A meandering blog with no clear topic. You will find me talking about knitting, building, kids, social and economic issues, Alaska, and lots of other stuff.

Thursday, August 30, 2007

like, gag me with a spoon

So, yesterday was the second anniversary of Hurricane Katrina. According to the news, George W. visited New Orleans to commemorate the date. According to msnbc.com, he said much progress has been made, and "we're still paying attention."


Now, I am all for people taking care of themselves, and preparing for foreseeable events. New Orleans is on the Gulf Coast, and hurricanes are pretty foreseeable. Maybe lots of people that didn't have insurance should have. Maybe lots of people that lived below sea level shouldn't have. But I would venture a guess that flood insurance in New Orleans wasn't cheap, even before Katrina. And I would also guess that some of those places below sea level were the places where people with fewer resources could afford to live. And if you are having trouble making sure you have food on your plate, and dealing with what you need here and now, insurance for something that may happen someday probably isn't highest on your list of priorities.

And let's face it, hurricanes happen pretty often on the Gulf Coast, but not biggies like Katrina. And the levies failing probably weren't in most people's plans either. And Katrina was a big enough storm, and caused enough damage that 1600 people died. According to this chart,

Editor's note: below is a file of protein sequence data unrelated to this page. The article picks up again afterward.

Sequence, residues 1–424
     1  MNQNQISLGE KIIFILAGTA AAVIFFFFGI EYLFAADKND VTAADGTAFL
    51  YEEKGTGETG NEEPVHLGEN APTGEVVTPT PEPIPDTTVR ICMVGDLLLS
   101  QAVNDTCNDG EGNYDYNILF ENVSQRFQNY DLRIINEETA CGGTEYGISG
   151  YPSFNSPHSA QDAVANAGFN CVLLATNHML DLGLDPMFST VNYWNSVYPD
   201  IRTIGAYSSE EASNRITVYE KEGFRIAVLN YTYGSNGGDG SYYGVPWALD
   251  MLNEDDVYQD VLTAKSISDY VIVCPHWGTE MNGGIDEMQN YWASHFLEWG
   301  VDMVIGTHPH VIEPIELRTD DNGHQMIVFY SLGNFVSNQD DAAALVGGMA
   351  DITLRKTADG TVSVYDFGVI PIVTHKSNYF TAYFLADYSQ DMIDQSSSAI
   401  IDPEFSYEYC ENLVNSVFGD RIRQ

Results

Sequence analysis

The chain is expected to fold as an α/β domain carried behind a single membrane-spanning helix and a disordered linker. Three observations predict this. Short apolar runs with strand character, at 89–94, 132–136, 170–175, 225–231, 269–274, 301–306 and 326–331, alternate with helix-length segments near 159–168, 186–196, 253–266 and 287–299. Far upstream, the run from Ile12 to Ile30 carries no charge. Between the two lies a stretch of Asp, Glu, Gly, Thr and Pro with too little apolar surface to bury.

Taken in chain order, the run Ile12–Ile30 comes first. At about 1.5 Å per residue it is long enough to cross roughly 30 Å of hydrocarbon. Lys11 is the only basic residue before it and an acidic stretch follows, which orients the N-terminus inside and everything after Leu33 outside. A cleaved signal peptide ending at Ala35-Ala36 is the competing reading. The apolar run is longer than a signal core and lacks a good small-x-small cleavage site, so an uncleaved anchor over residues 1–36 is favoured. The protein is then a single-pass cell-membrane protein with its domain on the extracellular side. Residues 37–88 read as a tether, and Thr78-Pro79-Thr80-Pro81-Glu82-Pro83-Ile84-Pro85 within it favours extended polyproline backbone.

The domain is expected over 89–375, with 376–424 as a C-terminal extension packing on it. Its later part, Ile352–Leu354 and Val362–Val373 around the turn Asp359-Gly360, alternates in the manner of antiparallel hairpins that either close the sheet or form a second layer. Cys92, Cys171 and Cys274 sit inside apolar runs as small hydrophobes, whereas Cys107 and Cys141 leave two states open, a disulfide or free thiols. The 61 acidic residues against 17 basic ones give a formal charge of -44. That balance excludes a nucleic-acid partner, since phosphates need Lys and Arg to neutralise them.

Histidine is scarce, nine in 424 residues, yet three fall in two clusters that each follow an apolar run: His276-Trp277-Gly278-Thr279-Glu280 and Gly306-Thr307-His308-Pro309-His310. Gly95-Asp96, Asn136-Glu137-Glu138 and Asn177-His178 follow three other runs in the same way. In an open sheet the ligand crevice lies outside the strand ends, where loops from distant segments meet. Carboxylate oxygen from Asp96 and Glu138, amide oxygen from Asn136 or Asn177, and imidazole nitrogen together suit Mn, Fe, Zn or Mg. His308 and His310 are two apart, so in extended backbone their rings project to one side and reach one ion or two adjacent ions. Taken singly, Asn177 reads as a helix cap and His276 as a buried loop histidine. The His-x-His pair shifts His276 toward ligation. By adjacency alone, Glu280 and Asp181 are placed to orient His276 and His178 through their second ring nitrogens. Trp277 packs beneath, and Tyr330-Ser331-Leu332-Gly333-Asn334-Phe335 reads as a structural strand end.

Katrina was approximately the third deadliest hurricane to hit the US, ever. And prior to Katrina, there had only been 3 category 5 storms to hit our coasts. So, I think it is fair to say, that while people living on the Gulf Coast expected hurricanes, they did not expect, and were not prepared for, Katrina.

From what I have been able to glean from the news, New Orleans has had some fixing done. The levies have been patched, although the Corps of Engineers recommends replacing them. The ports are back in operation, because we have to be able to receive all the cheap crap we get from China, and all the cheap automobiles we get from Japan, and all the oil we get from the middle east. The touristy parts of town have been put back in operation. My mother was recently in New Orleans, and thoroughly enjoyed it, so the touristy part must be doing well. But what about all the flooded neighborhoods? What about all the people still living in FEMA trailers that are off-gassing toxic fumes? I really don't think the government, or anyone else, is still paying attention.

I think, for the most part, that Americans have pretty short attention spans. For as long as the news is new (duh, that's why its called news, not olds), we pay attention, we talk about it, we feel horrified. Then we shrug our shoulders, say "Oh, sucks to be them" and move on to the next bit of news.

So, basically, George W. lied. And its news. Well, at least it was yesterday. After all, as far as George W. lying, been there, done that.

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